Infrastructure and Construction Materials Guide — Bentonite

Commodity Description

Bentonite is a type of clay rock that is widely used in industrial processes and products and in consumer products. When wetted it holds water and swells significantly and, upon drying, it shrinks significantly. When mixed with sufficient water to create a slurry it forms materials that become more solid when compressed. It is both adhesive and highly slippery when wetted and impedes aqueous fluid movement. These properties, individually or together, make bentonite a highly useful industrial mineral.

Geology and Mineralogy

Most bentonite mined and sold in North America was formed 90 to 110 million years ago when ash from volcanos, in what is now Idaho and northern Utah, fell into an inland sea. The ash dissolved in the seawater and re-precipitated, primarily as the clay mineral montmorillonite, along with accessory minerals such as feldspar, biotite mica, quartz, opal and other minor minerals which, together, are known by the rock name “bentonite.” In the US, the largest deposits of bentonite are found in Wyoming, Montana and South Dakota. More localized deposits also occur in California, Colorado, Oregon, Utah, Texas and Mississippi. Some bentonites were formed when volcanic ash deposits were altered in place by hydrothermal ground water. Most bentonite found in the US is of the high swelling, sodium-containing type, also known as Western or Wyoming bentonite. Deposits of low swelling, calcium-containing type, also known as Southern bentonite, are commonly found in Mississippi.

Production and Pricing

For U.S. production statistics and pricing, “Clays; Bentonite,” go to p. 60 of the USGS Commodity Summaries 2024.

For World Mine Production and Reserves, “Clays; Bentonite,” go to p. 61 of the USGS Commodity Summaries 2024.

Uses

Bentonite is called the “Clay of a Thousand Uses” because of its unique properties. It is used to increase the viscosity of drilling liquids, reacts with oil to form gels, lubricates machines, and controls odor and moisture and is antimicrobial and antifungal in numerous products.
Bentonite is used in a number of construction applications:
• Cement, Building Blocks (Cinder Blocks)
• Cement Tile
• Clay Brick
• Insulation Blocks
• Roofing Paper
• Slag Cement
• Stucco Cement
• Tar Preparations

Cinder block structure

The use of bentonite for pet litter, in oil, gas, water well and other drilling, as a binder in sand molds used to form metal castings and in iron ore pelletizing accounts for more than 80% of the bentonite produced in North America.

Bentonite is used in oil well drilling when added to freshwater or to freshwater muds for one or more of the following purposes (British Geological Survey):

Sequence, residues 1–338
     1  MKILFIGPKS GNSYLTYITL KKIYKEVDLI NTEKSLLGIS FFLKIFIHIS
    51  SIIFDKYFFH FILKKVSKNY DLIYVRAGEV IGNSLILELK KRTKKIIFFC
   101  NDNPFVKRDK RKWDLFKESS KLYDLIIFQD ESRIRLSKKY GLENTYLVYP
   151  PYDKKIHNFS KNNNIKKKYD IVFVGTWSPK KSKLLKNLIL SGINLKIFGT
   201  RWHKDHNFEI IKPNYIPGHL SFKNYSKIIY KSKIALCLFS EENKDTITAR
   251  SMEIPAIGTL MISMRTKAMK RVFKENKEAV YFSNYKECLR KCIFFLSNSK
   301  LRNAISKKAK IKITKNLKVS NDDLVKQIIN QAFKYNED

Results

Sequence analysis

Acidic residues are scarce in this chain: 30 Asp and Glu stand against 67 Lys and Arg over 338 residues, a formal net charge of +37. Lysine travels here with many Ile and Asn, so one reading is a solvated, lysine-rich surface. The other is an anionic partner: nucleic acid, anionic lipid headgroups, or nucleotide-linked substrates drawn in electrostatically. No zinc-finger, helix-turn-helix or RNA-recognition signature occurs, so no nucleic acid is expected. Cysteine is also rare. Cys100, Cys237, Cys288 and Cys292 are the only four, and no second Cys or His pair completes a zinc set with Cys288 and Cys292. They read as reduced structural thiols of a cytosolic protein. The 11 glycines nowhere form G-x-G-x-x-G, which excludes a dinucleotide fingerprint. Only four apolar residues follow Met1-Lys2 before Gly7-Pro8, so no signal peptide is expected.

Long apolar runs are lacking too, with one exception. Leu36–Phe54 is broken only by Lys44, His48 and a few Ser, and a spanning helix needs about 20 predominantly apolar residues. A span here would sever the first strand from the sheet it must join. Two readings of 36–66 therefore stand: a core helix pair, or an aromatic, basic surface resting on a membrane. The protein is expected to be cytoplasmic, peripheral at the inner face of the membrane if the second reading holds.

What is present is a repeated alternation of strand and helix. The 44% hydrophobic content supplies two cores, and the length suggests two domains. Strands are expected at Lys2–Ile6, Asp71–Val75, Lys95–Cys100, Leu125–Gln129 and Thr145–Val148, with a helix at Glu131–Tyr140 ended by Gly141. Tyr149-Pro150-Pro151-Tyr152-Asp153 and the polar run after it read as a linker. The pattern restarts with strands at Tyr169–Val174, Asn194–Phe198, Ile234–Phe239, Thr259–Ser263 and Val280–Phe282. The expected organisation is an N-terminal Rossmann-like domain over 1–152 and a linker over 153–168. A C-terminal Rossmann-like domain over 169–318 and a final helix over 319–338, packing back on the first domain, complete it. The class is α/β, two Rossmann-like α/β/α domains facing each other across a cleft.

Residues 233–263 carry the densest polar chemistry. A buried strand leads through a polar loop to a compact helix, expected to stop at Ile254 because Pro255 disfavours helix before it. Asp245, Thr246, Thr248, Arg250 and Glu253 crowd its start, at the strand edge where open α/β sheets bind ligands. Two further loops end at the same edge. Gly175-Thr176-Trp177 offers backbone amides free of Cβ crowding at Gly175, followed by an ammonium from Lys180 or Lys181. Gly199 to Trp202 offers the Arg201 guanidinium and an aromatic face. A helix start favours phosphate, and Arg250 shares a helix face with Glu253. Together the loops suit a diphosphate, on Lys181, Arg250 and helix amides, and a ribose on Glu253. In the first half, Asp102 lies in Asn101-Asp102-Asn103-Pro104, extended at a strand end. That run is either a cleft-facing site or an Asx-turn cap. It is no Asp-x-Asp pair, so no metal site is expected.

• increase hole cleaning capability
• reduce water seepage or filtration into permeable formations
• form a thin filter cake of low permeability
• promote hole stability in poorly cemented formations to avoid or overcome the loss of circulation.

Substitutes

In most of the applications where bentonite is used there are no economical substitutes that provide the performance required by the user.

Major Producers

U.S.: Bentonite Performance Minerals, Black Hills Bentonite, MI-Swaco, MTI, Wyo-Ben, Inc.
International: IMERYS, numerous Chinese, Indian and Japanese companies

Mining Methods

All significant commercial bentonite mining in North America is by surface mining operations using scrapers, bulldozers and excavators to remove the relatively soft overburden that covers the clay deposit. When removed from the ground the moisture content of the bentonite may range from about 15 to 35%. Depending upon need, the bentonite may be partially dried at the mine site before hauling, using the sun and wind, or hauled directly to the production facility for processing. The bentonite is typically stockpiled at the processing plant according to predefined, market driven performance characteristics.

Reclamation

All bentonite mine sites are backfilled, re-contoured, top soiled and reseeded following removal of the bentonite from the site. In all cases, bentonite mine reclamation must meet applicable State and Federal standards, which means that the post mine condition of the land must be equal to or better than the land condition that existed prior to mining disturbance. Financial bonds to State and Federal agencies must be in place for all mining disturbances prior to mining.

Mineral Processing

Bentonite produced in the US is typically processed by drying to a finished moisture of about 8 to 10% using natural gas or coal-fired rotary driers. It is then sized for final use by either milling it to a powder of varying fineness or by screening to produce granular products of different sizes. The finished product is then placed in 50- or 100-pound paper bags, or their metric equivalent, bulk sacks of various sizes or shipped by bulk truck or rail car to the end user.

Environmental Factors

Bentonite, like all clays, contains naturally occurring crystalline silica in the form of quartz at concentrations of about 0.5% to 6%. Appropriate engineering controls and personal protection devices, such as MSHA approved dust masks, should be used when handling bentonite products where airborne dust may be generated.

References

British Geological Survey (BGS) World Mineral Production 2016-2020. https://www.bgs.ac.uk/.

SME Industrial Minerals & Rocks 7th Edition.  SME Books. Editors: Jessica Elzea Kogel, Nikhil C. Trivedi, James M. Barker, Stanley T. Krukowski, 2006.

United States Geological Survey (USGS) Commodity Summaries 2023.  https://pubs.usgs.gov/publication/mcs2023. The 2023 summary reports 2022 statistics.

United States Geological Survey (USGS) Commodity Summaries 2024.  https://pubs.usgs.gov/publication/mcs2024. The 2024 summary reports 2023 statistics.